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The Plant Lady: What should you plant to get the best fall foliage? Think small-scale

Fall is right around the corner and some may think that signals the end of garden color. Not so fast. There are many plants that can be incorporated into the garden to keep fall just as colorful as spring and summer.

Now is a good time to plant, as temperatures are cooling, yet still warm enough for roots to establish. Keep in mind, though, it may take at least a full year for them to achieve fall color.

In California, we don’t have the pleasure of experiencing true fall color like the East Coast – due primarily to our type of forest and our weather. Color change occurs in deciduous plants when there is a sudden frost causing the breakdown of chlorophyll (green pigment) resulting in other pigments (such as red anthocyanins and orange/yellow carotenoids) being displayed. That said, here are a few shrubs that will help you get that “California” fall interest in your garden.

Cotinus coggygria (Smoke tree)

Smoke tree can be grown as a single-trunked tree (12 to 15 feet tall) or a multi-trunked shrub in full sun, with low/moderate water. During the spring and summer, this deciduous plant will put on plumes of flowers. The flowers themselves are not showy, but the hairs of the fading flowers give the illusion of smoke – or as I think of it, a boa.

Various cultivars have purple summer foliage, including “Royal Purple.” “Ancot” Golden Spirit has lime-green summer foliage. Be aware, this cultivar is better grown in partial shade in hot, dry climates. During the fall, the foliage of all cotinus will turn red, orange and yellow.

Callicarpa species (Beautyberry)

Want a plant to stop people in their tracks? This plant is for you. During the summer, the plant is somewhat gangly with arching stems and insignificant pinkish/purple small flowers. But just wait. In fall, Beautyberry develops clusters of iridescent purple berries that are amazing. They linger on the plant well into winter. Beautyberry will tolerate full sun, but a bit of afternoon shade is ideal.

Hydrangea quercifolia (Oak leaf hydrangea)

Not only do these hydrangeas have large showy clusters of white flowers (8 to 10 inches long), but their foliage is interesting as well. As their name suggests, they have the shape of large oak leaves. They are ideal for a bright shade location with moderate moisture. The flowers fade to pink while the leaves will turn a showy red, resulting in a brilliant fall display. Prune when the flowers are completely faded.

Heteromeles arbutifolia (Toyon)

This California native (shrub/small tree) puts on a bright display of red berries fall through winter. The berries are a food source for birds, and during spring the white flowers attract bees. Planted in rows, they make an excellent tall hedge (10 to 15 feet tall). They do best in full sun with good drainage, but can tolerate clay soils.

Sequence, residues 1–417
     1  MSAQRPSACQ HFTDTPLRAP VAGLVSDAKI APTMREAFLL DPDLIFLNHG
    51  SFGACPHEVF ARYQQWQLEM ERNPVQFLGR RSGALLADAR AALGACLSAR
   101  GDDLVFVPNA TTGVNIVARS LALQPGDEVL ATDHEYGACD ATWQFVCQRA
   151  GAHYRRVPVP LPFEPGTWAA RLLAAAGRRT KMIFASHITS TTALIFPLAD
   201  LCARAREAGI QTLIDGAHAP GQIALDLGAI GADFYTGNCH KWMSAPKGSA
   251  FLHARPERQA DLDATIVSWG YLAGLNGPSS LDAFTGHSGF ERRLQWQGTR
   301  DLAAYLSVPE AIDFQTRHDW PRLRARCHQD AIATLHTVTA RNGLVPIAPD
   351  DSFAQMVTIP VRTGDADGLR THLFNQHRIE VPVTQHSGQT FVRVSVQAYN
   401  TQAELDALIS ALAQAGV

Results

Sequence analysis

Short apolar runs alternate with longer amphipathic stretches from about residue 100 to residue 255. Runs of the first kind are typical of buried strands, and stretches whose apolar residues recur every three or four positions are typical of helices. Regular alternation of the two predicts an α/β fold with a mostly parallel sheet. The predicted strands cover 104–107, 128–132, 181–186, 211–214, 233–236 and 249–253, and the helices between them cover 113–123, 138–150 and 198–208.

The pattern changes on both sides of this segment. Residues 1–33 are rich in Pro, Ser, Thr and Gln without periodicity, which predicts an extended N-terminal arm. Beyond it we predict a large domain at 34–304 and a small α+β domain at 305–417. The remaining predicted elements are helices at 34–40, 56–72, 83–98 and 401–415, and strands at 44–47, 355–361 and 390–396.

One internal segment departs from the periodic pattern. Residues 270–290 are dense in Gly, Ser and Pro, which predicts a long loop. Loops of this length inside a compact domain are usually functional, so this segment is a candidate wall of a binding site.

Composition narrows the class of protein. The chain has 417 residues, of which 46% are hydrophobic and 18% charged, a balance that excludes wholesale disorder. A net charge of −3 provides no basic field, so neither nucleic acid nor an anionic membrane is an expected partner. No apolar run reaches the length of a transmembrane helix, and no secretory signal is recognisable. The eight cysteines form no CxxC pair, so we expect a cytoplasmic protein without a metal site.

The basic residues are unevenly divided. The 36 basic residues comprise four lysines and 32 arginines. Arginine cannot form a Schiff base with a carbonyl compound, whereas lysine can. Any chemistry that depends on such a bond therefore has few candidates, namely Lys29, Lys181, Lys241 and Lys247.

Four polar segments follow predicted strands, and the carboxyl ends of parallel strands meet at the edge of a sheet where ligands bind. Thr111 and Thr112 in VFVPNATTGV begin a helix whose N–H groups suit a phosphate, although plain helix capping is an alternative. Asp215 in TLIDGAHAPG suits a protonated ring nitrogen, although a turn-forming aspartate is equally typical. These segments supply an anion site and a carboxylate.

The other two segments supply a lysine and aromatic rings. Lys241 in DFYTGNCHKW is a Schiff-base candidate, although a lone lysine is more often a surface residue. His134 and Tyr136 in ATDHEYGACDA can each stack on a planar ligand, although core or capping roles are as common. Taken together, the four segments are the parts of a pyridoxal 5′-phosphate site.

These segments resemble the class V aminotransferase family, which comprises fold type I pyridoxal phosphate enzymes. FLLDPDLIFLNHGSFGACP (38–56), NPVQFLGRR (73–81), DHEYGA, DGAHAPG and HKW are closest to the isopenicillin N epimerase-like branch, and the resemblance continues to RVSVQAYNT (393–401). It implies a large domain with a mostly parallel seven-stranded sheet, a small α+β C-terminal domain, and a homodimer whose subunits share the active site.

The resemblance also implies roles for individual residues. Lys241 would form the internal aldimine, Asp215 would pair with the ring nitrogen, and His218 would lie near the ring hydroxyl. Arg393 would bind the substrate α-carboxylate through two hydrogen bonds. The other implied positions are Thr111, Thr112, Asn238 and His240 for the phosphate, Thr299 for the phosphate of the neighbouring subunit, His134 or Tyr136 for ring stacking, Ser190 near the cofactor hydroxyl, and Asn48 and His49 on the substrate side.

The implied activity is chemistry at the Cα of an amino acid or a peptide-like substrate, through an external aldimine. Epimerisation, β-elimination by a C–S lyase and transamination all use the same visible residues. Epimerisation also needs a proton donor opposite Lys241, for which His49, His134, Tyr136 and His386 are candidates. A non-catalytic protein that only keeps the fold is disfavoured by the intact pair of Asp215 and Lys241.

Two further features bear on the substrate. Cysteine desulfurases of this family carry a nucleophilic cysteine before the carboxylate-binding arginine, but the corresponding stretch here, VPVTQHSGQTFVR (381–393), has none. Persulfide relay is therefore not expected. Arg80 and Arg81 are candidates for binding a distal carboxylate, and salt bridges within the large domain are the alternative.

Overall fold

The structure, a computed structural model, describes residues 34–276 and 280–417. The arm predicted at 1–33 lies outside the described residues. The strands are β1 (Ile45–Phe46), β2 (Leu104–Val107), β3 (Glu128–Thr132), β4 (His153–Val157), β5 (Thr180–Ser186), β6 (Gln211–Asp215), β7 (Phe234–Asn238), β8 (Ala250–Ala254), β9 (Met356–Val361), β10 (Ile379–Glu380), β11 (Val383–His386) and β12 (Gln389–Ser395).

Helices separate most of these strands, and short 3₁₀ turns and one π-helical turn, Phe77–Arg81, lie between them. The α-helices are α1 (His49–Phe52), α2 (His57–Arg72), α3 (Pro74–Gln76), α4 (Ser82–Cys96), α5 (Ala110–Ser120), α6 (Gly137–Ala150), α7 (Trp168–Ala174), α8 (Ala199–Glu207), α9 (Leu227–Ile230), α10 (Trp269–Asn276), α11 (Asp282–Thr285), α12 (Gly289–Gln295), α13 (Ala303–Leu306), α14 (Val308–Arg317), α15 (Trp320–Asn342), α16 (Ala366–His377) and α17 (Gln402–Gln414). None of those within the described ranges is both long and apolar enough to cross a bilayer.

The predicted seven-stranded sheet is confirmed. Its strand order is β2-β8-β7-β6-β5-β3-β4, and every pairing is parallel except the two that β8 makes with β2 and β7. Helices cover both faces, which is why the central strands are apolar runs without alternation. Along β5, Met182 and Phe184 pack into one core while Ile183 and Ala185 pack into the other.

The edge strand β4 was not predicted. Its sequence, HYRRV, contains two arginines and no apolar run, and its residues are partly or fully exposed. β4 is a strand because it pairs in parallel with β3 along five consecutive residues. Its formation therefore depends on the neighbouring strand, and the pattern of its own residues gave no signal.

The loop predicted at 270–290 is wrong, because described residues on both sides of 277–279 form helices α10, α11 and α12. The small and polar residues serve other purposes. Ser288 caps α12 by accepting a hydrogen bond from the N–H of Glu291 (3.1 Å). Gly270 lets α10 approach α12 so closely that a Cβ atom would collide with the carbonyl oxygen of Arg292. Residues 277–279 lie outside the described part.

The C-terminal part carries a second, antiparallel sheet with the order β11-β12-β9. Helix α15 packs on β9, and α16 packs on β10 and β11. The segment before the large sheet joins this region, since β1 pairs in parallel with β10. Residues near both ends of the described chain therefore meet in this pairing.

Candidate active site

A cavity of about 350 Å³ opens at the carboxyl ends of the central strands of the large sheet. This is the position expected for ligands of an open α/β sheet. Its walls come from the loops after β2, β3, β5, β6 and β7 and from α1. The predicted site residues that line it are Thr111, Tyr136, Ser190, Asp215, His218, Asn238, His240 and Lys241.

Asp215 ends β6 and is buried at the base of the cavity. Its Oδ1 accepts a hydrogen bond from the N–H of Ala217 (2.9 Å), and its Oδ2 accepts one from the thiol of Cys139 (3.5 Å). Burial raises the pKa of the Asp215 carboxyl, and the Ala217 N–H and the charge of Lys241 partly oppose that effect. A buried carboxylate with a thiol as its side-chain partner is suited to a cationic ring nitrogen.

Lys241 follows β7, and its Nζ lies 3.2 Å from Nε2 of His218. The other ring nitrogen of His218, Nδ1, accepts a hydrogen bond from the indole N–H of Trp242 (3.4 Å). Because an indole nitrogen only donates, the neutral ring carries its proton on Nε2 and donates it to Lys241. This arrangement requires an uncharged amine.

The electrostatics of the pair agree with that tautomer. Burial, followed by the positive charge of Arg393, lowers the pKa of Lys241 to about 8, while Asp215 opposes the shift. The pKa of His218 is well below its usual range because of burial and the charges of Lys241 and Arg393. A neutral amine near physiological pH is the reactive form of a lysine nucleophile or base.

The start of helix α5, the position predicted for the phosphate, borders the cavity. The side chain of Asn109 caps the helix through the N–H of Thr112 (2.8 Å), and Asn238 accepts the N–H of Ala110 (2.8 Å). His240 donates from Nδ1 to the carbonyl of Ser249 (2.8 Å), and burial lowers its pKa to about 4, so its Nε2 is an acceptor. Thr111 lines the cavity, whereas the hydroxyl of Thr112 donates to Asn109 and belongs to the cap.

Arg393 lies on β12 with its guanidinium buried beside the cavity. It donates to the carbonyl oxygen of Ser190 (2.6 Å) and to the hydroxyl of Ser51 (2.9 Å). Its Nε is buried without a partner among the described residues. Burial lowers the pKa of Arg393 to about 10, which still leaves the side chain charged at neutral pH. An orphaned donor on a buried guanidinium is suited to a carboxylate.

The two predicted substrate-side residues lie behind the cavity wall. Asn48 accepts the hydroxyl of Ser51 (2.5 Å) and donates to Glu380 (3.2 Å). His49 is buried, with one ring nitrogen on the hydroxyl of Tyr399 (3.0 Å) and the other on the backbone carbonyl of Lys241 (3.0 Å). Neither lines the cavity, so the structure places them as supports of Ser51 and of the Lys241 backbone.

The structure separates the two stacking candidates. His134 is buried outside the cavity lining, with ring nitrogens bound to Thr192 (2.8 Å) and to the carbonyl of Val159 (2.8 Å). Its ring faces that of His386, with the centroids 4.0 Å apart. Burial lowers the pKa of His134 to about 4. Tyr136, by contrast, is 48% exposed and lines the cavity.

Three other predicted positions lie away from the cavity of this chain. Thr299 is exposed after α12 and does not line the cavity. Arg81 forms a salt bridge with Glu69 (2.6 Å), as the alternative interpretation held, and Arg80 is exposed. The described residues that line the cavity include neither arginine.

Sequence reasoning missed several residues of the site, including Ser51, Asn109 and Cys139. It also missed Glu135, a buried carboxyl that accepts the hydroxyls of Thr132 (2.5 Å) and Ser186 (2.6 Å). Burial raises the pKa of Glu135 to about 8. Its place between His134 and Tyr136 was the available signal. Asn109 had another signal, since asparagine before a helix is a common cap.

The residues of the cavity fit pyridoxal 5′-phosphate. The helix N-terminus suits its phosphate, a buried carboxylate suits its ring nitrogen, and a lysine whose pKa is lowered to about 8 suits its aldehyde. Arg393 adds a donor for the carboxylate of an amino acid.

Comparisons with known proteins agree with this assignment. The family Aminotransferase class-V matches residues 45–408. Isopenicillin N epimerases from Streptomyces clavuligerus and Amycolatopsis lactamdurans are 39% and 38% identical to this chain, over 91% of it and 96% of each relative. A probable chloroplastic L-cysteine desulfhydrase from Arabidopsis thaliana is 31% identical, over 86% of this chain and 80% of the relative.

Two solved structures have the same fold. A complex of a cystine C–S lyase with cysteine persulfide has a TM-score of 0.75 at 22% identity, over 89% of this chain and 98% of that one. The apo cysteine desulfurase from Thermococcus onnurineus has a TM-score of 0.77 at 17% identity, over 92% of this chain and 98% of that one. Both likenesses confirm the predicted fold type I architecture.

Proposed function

Nandina domestica (Heavenly bamboo)

Yes this plant is everywhere – mainly because it handles a wide range of conditions, from shade, to full sun (in hot climates a bit of afternoon shade is ideal) and low water. However, it is hard to beat their fall color. The cultivar “Fire Power” grows to about 2 feet tall and has intense crimson foliage, but does not produce berries. Some cultivars such as “Royal Princess” can get as tall as 5 feet. The foliage and berries are great used in wreaths and arrangements. Make sure to plant a few together if you want berries, as single specimens will not produce as many.

Ginko biloba (Ginkgo)

Most people overlook planting Ginkgo because of their reputation as a very slow grower and the fear of getting a female specimen. The fruit on the females smells ... well, let’s just say it smells interesting. Luckily, most nurseries sell only male specimens. With regular deep water they can also grow faster than their reputation states, as much as 3 feet a year. During summer, the foliage is bright green and fan-shaped. When a fall chill hits, the foliage will turn a brilliant yellow-gold that almost seems to glow. These easy-to-grow trees can reach upwards of 80-feet tall, but stay quite narrow.

Vitis californica (Rogers Red)

After years of being called a California native, the science says this is a hybrid of the California native and a European wine grape. That aside, this is still a very highly recommended plant for fall color as well as a vine for a fence, arbor or trellis. Once established – and if given regular water (once a week) – this vine can be aggressive, but pruning will keep it under control. The plant will produce edible purple fruits, albeit not very tasty and containing a large seed. The fruits are a food source for other animals as well. The fall color is a crimson red that will brighten up any location in the garden. The vine will take full sun, but in interior hot locations, a bit of shade is ideal.

Berberis thunbergii f. atropurpurea nana (Dwarf Purple Japanese Barberry)

This small (2-feet tall and wide) deciduous shrub is an easy-to grow plant and will reward you with amazing crimson fall foliage and red berries. The spring/summer foliage is a purple-red, but turns a flaming red before it drops its leaves. The berries are not edible by us, but are eaten by birds. Low water and a bit of afternoon shade are ideal for these plants. One downside – the branches are covered in smallish spines.

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